Finding hope in a time of despair
At our Ignatian Day, Archbishop Thabo Makgoba, the Primate of the Anglican Church in South Africa, spoke about “Ignatian Spirituality: Finding God in South Africa today.” In the question and answer session following his talk, people shared with great feeling, their anger, frustration and concerns about so many of the struggles we face in our country. They spoke of the simmering anger of many in the townships at the lack of service delivery and the lack of forums for conversation. Others spoke about the withdrawal of prayer and religious education in public schools, others were concerned about children who are addicted to drugs and have become violent.
Also deeply disturbing are the recent court cases involving the public protector, the massive bail-out of Eskom, and recent statistics that show South Africa is the most dangerous country for women.
When we look at countries like the United States, we see gun massacres on the scale of more than one per day in the past year. We see immigrants separated from their children who are being kept in cages in appalling conditions. Most alarmingly, there seems to be a rise in white supremacist and racist rhetoric and attitudes.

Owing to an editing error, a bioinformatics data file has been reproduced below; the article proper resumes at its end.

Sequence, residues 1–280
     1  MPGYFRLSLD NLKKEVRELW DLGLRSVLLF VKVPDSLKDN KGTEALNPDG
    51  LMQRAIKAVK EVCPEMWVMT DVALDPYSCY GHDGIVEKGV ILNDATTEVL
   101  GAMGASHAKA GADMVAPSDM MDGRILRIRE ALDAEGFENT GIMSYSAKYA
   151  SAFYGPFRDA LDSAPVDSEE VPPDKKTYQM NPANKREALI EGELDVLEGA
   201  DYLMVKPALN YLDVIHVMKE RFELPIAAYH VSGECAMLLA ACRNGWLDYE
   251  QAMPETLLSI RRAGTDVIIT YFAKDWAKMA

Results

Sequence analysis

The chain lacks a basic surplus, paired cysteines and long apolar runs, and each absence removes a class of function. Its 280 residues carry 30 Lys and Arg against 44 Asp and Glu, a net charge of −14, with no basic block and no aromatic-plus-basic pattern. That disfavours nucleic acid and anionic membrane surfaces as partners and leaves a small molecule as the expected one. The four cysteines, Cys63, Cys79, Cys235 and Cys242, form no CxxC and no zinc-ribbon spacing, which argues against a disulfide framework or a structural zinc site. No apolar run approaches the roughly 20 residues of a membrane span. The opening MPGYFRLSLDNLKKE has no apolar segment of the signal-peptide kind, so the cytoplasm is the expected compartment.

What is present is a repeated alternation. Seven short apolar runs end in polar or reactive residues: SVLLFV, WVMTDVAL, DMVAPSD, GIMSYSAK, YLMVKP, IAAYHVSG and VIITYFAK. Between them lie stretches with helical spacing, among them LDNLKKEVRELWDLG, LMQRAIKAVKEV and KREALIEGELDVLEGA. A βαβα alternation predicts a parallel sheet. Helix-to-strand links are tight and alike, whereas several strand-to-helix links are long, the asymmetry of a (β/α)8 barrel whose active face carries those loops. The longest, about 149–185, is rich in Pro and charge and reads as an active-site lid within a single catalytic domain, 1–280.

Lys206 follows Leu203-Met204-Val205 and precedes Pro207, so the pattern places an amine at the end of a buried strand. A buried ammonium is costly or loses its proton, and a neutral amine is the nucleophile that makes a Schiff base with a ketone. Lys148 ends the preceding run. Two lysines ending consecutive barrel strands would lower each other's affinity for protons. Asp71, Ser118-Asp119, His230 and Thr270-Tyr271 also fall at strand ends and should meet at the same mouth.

Globally, we face a climate crisis. The unprecedented heat-waves experienced in most of Europe this summer, and now floods around the world, underline the urgency of the crisis in which we find ourselves. People are talking about the syndrome of “climate despair” – this is when people experience extreme depression and anxiety because they see the imminent threat to civilisation and feel powerless to do anything about it.
And the question underpinning all is: How do we find hope?
The risk is that it all seems so overwhelming, that we settle into a state of withdrawal and apathy and a growing societal depression. Without minimising the reality and pain of our situation, the consistent message that came through in Archbishop Thabo’s responses to the questions about how to find hope, was the encouragement to take initiative and do something where you are. He spoke of a woman who sold chicken feet at a school when he was a schoolboy in Alexandra. She made it her mission to encourage and pray for learners. He spoke of the impact this had on him.
It was a hope-filled experience to see well over 100 people from diverse backgrounds gathered to share their common concern for our country. Beyond racial, economic, cultural and ecumenical divides – people seeking the common good. Perhaps we all need to be encouraged again to trust that we are called into partnership with God. We can each do something where we are with what we have.
We cannot allow ourselves to be sucked into a vortex of despair. Concrete actions done for the common good are the best way to nurture the flame of hope. As Gandhi put it: “be the change we want to see.”